Consequently, all children make good progress, including those with special educational needs and/or disabilities, those who speak English as an additional language and those who are in receipt of funded early education. Swift action is taken to address any gaps in children's learning.Children relish playing outdoors, where they have many opportunities to develop their physical skills.

They experience safe risk and challenge as they jump on and off large tyres and balance on tree stumps. Children confidently use tools such as trowels and large spoons to fill different-sized containers. Additionally, activities such as weekly football lessons and trips outside of the nursery further support children's physical well-being.

On the whole, partnerships with parents are positive. They highly value the care and education given to their children. More can be done to strengthen information sharing with parents at the start of placement to help staff understand what children can already do and plan even more effectively for their initial next steps.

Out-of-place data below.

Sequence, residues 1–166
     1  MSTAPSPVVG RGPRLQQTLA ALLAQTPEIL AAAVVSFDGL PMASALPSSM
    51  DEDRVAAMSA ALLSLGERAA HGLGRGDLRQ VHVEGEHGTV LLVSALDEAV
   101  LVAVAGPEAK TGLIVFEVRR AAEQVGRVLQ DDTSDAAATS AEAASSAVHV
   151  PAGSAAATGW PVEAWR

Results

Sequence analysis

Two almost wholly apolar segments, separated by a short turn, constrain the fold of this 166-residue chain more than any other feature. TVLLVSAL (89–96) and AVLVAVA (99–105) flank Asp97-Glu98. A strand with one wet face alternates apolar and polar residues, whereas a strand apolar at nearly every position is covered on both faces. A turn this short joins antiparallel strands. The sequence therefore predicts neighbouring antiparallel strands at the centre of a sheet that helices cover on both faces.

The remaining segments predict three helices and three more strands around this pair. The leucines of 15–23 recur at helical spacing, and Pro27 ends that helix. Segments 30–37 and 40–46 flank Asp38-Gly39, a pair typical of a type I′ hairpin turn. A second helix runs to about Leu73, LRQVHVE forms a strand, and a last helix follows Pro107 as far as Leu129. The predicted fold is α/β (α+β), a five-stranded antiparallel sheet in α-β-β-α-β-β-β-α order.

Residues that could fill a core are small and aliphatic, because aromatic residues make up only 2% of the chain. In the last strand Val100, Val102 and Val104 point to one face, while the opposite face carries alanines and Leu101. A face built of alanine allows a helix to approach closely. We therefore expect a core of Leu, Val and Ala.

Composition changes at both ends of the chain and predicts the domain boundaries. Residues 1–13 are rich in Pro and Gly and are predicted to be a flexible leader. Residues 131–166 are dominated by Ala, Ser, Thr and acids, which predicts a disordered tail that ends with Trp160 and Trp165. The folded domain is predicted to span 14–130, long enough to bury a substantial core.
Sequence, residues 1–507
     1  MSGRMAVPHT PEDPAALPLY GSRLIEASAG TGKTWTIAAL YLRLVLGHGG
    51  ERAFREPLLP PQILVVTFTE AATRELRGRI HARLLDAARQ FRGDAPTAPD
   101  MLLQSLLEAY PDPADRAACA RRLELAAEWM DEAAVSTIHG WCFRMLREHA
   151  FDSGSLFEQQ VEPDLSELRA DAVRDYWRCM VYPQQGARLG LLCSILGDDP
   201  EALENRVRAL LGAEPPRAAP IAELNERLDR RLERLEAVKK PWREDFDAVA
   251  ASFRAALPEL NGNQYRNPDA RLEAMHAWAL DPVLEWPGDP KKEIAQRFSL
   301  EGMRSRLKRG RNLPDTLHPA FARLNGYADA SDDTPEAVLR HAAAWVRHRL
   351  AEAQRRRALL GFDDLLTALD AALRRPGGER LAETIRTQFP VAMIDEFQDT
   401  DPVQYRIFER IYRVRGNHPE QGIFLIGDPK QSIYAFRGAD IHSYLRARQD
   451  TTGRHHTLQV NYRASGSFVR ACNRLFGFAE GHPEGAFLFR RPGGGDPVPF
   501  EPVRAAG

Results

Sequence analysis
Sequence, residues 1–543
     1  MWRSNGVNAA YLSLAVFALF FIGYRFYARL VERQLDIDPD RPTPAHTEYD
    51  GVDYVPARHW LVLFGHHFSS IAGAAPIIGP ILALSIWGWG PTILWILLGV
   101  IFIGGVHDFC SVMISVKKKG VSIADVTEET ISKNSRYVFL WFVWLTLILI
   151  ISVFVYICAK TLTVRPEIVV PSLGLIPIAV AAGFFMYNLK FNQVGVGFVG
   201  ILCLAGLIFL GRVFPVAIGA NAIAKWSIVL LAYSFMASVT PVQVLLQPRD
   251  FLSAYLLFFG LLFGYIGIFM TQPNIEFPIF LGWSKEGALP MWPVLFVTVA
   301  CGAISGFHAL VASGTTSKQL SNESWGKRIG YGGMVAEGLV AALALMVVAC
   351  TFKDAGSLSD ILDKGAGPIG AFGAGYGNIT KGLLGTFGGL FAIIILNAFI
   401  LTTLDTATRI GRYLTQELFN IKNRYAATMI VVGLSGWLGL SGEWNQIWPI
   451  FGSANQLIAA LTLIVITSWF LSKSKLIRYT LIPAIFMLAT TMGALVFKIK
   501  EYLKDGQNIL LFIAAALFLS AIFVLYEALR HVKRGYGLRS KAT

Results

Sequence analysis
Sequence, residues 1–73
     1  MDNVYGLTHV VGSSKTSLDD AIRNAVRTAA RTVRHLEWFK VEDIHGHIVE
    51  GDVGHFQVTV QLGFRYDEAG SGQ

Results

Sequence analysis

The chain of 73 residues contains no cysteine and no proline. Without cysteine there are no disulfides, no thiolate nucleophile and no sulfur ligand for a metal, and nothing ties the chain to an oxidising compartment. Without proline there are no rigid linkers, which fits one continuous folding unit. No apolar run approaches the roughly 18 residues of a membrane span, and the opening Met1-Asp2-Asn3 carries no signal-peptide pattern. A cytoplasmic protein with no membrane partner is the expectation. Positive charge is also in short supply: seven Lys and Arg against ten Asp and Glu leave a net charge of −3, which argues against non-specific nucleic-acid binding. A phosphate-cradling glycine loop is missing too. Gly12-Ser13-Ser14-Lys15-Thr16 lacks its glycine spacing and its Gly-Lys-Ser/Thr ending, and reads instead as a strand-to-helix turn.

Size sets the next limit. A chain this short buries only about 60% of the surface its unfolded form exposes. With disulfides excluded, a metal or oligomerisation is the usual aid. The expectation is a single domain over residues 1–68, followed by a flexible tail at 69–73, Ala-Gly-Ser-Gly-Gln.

Safeguarding

The arrangements for safeguarding are effective.All staff have attended relevant training and have a secure understanding of what to do if they are concerned about a child's welfare. Additionally, staff know the procedures to follow if they have concerns about a member of staff.

The manager makes good use of one to one discussions and team meetings to keep staff up to date with legislative changes. The manager and staff vigilantly carry out daily checks to ensure the nursery is safe and risks to children are minimised.

What does the setting need to do to improve?

To further improve the quality of the early years provision, the provider should: strengthen the monitoring of staff's practice, for example teaching, to extend communication and language and sleeping arrangements for young babies find out more from parents about what their children know and can do on entry, and use this to plan even more meaningful experiences from the start.